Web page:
Read Part 1 here.
#6. Don’t automatically assume the role that others expect of you.
In most cases, expectations of male and female roles are passed on from generation to generation without a second thought. You might already be experiencing feedback from parents, neighbors, relatives, partners, even friends on what is expected of you. Maybe they were taught that girls can’t be good at math or physics, nor should study to become engineers or chemists. Or maybe they’re convinced that it’s shameful for a guy to cook a great dinner by himself or study the history of art. Instead of falling into the trap of mimicking a fixed mindset, work on developing a growth mindset. Nurture your skills and strengths, and build on them consistently so that you can master them over time. As Carol Dweck shows in her book Mindset: The New Psychology of Success, there’s so much you can do to change your attitude and accomplish whatever you believe is important in your life.
#7. Understand the difference between liking yourself and wanting to be liked by others.
What’s the harm in wanting to be liked? Everyone feels a need to be part of a group or to belong somewhere, and being liked makes it that much easier to belong to a group of people. But constantly wanting to be liked by others is a double-edged sword. Being popular in school, for example, may sound cool to you right now—just like having thousands of Instagram followers as you’re sharing pictures and videos of your daily life. The downside is this: it can take you on a path where you become dependent on the admiration and attention of others. Did you consider what happens if that attention goes away, or when you get criticized? That’s why your top priority is to like yourself first, because that’s where your inner strength lies. Build an awareness of your core skills and strengths, know what is the value that you add to the lives of people close to you, and you’ll feel much stronger for it.
#8. Work on creating your own boundaries.
It may sounds like a negative idea at first, but understanding the concept and importance of boundaries can actually work for you as you go through life. Having boundaries in place is critical in any number of situations where people are being pushy or disrespectful of your time and space. For example, if a friend insists on hanging out but you want time to yourself, you can set boundaries by making yourself unavailable or just saying that you have other plans. If you don’t like someone taking up your time, set boundaries by telling them you’re busy and don’t have an hour to devote to them. And if someone asks you to finish up a task that is their responsibility, set boundaries by saying no firmly and tell them it’s their job and not yours. It may not feel comfortable at first, but treat it as a muscle you are building until it starts to feel more natural. Think of it this way: if you need to get your life to a better place and accomplish the goals you set for yourself, you can’t afford to spread yourself too thin. You will need both time and space to create the future you want.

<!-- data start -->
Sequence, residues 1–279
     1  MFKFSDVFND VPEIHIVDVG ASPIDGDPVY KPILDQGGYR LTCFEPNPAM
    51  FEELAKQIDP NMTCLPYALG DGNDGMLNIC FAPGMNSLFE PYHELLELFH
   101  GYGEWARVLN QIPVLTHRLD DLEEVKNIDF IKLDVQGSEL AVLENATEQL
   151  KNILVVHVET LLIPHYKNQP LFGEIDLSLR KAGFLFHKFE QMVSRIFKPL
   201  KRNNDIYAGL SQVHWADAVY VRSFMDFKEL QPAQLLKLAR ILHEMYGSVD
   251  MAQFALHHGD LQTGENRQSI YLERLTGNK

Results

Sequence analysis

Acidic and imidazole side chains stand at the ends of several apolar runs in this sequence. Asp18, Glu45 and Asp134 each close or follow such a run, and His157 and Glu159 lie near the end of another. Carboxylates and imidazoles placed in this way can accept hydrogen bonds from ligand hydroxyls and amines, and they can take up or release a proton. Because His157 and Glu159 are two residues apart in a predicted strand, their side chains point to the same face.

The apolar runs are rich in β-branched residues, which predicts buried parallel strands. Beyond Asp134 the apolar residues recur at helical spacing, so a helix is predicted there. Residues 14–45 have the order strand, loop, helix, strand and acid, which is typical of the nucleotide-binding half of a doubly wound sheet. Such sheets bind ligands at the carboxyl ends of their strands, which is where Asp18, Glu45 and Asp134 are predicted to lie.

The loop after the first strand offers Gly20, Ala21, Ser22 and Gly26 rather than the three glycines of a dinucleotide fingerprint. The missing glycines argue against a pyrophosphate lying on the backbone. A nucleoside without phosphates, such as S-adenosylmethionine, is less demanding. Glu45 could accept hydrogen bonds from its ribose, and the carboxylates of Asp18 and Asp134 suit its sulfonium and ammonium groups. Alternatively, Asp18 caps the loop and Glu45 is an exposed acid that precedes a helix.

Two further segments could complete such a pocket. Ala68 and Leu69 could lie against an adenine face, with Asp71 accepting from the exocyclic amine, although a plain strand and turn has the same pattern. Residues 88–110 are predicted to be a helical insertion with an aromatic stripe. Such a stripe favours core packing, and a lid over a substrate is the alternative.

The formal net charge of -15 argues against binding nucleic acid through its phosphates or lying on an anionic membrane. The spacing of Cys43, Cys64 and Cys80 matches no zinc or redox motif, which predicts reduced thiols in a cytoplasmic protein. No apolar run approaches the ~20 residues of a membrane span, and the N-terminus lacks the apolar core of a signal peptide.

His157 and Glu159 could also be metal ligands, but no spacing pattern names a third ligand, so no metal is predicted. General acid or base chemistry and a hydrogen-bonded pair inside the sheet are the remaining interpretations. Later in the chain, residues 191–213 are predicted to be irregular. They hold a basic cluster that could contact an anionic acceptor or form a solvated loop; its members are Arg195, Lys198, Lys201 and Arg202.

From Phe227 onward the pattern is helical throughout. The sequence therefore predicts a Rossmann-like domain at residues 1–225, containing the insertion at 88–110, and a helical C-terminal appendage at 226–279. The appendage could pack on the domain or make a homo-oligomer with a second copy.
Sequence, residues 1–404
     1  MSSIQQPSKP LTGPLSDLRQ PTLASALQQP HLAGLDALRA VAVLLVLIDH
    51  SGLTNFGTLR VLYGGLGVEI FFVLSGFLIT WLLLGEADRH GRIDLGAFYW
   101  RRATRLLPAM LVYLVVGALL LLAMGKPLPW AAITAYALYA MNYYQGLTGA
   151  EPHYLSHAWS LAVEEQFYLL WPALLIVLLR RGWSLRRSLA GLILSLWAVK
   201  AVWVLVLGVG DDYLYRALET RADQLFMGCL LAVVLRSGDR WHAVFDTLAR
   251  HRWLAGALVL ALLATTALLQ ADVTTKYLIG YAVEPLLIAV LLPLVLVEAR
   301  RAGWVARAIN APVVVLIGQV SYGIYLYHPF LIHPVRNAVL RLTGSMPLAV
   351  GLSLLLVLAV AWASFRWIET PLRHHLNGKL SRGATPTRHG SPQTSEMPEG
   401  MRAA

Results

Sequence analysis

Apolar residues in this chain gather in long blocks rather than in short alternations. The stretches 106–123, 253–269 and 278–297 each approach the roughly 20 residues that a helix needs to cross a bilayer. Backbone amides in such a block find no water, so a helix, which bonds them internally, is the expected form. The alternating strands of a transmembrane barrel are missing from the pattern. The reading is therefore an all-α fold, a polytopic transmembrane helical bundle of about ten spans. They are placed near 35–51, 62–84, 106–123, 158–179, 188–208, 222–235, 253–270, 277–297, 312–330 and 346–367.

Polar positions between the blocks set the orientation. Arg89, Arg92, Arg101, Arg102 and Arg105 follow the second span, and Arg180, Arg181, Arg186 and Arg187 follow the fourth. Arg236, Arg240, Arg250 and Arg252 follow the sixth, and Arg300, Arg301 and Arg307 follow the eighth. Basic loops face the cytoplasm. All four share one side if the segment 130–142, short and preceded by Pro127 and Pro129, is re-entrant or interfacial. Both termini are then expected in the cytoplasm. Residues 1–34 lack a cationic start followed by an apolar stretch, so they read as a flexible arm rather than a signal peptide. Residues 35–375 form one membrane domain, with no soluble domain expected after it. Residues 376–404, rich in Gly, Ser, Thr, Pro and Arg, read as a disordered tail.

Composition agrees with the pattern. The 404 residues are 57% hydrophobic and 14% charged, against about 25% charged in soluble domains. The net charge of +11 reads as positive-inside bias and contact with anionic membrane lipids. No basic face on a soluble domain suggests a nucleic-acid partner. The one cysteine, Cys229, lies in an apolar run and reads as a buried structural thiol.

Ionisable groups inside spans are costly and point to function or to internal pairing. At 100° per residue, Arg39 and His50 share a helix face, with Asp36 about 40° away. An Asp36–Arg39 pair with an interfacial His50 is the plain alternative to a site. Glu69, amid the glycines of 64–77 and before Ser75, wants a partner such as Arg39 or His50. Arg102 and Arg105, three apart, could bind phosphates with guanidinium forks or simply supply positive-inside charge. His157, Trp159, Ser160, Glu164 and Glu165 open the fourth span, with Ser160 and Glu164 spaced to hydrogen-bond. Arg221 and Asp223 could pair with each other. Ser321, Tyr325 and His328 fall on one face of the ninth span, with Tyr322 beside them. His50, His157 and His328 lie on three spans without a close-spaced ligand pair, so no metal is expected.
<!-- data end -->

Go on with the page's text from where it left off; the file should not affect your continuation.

#9. Build up a thick skin.
It may not be the easiest thing in the world to do, but developing a thick-skin definitely helps us to deal with the negativity that we will inevitably face at many points in our life. This especially applies to criticism which can come from where you least expect it—people closest to you, including family and friends. It can also apply to negative feedback you’ll most certainly receive at work or school, because nobody is exempted from it. So what does developing a thick skin entail? It doesn’t mean removing all emotions and being nonchalant about whatever people say. It’s more about learning to expect criticism, instead of taking it personally and as an attack on you by someone who wishes you harm. If you learn to expect criticism, it won’t faze you much when you actually do receive it. How can you do this? Pay close attention to how the message is delivered. Constructive criticism is when someone suggests that you do something in a different way, which means it can work to your advantage. Conversely, if someone is “negging” you—making a negative comment disguised as a compliment—see it as destructive behavior and let the person know that you won’t put up with it.
#10. Build a strong sense of self-respect.
Sounds like such an obvious thing, but it’s not as common as it should be. And this is not gender-specific, of course—whether you’re male or female, it’s important to respect yourself. What does respecting yourself mean? It can mean you should respect your time because it’s a precious commodity and you need to value it. It can mean you should respect all of your efforts that you put into school, work, and building your relationships. It can mean respecting the knowledge you have acquired over time because it shows an investment you made in yourself, or respecting your values because they build the core of who you are, or respecting the goals that you believe are important in your self-development. In a nutshell—don’t take your self for granted. Value who you are, what you’ve accomplished, and who you are becoming. Always remind yourself of how long it took to get here, and be proud of your achievements, both large and small, as you’re working towards becoming that best version of yourself.